Wild garlic pesto

Before I show you my recipe for a wild garlic pesto, let me tell you a little about wild garlic. Wild garlic is an herb that is native to Europe, Asia and North America. It grows mainly in spring and is often found in forests and along riverbanks. Wild garlic is not only incredibly tasty, but also very healthy. Wild garlic contains many vitamins, minerals and antioxidants and is even said to have an antibacterial effect. Wild garlic is also known by other names, such as wild garlic or forest garlic.

If you’ve never tried wild garlic, you definitely should! It adds a delicious spice to dishes and can be used in many different recipes. Wild garlic pesto goes very well with pasta and gnocchi. A spoonful of wild garlic pesto also adds an aromatic flavour to a classic vinaigrette. It is a delicious spread for toasted white bread and harmonises with cheese. Mixed with yoghurt and sour cream, you get a strong, green barbecue sauce.

You can also preserve wild garlic for up to a year if you go out into the woods to look for it yourself. But enough chatting – let’s start with the recipe!

Preparation time: 15 minutes



200 g wild garlic

25 g pine nuts

25 g parmesan

1 teaspoon salt


150-250 ml olive oil




  1. Wash the wild garlic. Spin dry in a salad spinner or pat dry.
  2. Then chop the wild garlic and salt in the Thermomix on speed 10 until you have a fine pulpy mixture. Keep pushing down with the scraper in between.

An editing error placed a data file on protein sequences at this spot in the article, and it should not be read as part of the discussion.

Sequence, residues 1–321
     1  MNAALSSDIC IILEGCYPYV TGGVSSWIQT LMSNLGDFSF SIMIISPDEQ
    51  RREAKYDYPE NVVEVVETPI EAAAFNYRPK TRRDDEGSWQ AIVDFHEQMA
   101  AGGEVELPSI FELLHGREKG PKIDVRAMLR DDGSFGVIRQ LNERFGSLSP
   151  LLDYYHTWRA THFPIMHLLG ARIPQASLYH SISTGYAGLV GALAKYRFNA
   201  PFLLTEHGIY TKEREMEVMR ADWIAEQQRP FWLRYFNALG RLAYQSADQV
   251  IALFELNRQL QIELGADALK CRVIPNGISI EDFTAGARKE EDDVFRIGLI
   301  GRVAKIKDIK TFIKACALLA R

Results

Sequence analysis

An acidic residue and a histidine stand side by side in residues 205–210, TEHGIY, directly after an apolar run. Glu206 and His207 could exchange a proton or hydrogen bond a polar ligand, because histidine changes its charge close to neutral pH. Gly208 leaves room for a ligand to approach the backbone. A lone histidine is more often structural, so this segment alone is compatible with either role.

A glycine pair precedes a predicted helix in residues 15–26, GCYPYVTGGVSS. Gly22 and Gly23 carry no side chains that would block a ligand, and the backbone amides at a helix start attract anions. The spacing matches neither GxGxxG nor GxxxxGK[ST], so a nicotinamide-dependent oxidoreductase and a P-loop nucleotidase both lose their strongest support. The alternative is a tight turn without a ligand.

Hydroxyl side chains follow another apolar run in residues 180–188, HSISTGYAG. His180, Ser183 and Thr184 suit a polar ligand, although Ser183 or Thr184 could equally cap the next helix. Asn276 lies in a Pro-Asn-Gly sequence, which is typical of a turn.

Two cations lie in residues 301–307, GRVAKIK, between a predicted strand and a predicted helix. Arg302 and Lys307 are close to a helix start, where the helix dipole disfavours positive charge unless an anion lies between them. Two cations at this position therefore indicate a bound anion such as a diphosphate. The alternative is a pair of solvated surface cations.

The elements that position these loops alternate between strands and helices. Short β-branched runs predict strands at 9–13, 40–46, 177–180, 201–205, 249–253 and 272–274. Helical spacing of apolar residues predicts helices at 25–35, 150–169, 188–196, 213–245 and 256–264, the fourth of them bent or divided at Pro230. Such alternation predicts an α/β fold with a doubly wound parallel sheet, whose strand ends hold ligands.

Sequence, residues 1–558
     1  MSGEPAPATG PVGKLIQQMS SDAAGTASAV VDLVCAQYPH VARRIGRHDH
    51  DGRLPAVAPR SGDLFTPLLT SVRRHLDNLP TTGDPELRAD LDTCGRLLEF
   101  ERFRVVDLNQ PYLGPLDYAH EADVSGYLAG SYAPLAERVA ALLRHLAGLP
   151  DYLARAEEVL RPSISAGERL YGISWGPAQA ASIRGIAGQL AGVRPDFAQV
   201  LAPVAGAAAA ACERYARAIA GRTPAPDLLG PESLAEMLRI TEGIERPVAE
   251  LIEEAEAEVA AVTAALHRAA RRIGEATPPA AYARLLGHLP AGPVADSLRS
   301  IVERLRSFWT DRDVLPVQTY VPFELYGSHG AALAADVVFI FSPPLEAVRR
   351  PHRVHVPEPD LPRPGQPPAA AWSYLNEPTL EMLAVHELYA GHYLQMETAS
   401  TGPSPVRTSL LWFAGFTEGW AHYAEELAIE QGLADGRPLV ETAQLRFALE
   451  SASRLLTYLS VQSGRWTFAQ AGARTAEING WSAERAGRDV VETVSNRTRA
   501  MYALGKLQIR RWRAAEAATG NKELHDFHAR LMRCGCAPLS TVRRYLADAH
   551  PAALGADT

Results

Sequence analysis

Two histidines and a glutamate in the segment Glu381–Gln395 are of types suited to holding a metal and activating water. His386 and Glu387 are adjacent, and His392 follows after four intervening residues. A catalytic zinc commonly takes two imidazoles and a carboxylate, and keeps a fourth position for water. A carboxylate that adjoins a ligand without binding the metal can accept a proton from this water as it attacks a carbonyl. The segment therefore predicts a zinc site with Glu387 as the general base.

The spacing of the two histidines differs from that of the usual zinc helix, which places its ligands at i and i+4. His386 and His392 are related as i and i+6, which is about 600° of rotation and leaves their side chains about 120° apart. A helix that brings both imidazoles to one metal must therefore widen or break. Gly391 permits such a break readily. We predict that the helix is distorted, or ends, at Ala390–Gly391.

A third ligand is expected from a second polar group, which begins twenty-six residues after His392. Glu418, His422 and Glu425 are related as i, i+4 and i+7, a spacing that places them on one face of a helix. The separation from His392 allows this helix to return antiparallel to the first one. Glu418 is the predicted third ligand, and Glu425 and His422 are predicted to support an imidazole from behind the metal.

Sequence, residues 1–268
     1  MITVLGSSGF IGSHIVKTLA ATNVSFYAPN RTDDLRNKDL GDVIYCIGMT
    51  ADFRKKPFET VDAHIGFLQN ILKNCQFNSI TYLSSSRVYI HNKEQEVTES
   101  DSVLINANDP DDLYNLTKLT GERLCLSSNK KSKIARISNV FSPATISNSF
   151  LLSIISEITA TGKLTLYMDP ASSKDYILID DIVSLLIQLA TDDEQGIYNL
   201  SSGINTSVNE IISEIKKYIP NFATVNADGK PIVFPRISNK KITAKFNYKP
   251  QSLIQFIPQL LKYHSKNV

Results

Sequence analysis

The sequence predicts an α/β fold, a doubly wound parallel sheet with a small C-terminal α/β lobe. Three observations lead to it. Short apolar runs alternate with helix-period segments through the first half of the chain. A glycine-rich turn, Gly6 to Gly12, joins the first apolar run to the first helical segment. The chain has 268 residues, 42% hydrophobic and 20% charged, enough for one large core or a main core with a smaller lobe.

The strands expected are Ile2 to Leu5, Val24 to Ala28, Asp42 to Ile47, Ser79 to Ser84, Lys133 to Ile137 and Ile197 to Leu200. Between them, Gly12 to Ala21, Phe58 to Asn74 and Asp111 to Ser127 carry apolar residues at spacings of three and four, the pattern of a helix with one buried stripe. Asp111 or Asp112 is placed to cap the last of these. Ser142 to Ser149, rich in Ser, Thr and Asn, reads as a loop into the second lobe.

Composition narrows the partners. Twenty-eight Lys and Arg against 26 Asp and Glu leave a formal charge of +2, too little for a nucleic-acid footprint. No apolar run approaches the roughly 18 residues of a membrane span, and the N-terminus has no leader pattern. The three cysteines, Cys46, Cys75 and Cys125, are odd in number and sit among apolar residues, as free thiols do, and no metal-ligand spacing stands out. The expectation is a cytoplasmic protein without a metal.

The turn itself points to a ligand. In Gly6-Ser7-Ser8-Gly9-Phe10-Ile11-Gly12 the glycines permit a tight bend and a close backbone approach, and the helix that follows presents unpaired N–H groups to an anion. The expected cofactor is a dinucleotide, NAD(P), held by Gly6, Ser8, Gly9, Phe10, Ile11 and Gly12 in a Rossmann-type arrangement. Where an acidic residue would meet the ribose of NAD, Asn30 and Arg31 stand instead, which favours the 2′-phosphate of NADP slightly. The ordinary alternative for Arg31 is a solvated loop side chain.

3. Fry the pine nuts in a frying pan without oil until lightly brown.
  4. Add the pine nuts, oil, pepper and Parmesan to the wild garlic. Mix until you get a creamy consistency.
  5. If the pesto is too thick, add more oil.
  6. Season to taste and add more salt if necessary.
  7. Pour into prepared, boiled and sterilised jars with screw lids. Keep tapping on a folded tea towel to release the air.
  8. Leave an approx. 1.5 cm rim at the top. Wipe with a kitchen towel if necessary.
  9. Cover with the oil so that no more bear’s garlic peeks out.




You can also freeze the finished pesto in portions to preserve it. The pine nuts can be replaced by sunflower seeds or various types of nuts if necessary, and you can also experiment with other types of oil and cheese to achieve different flavours.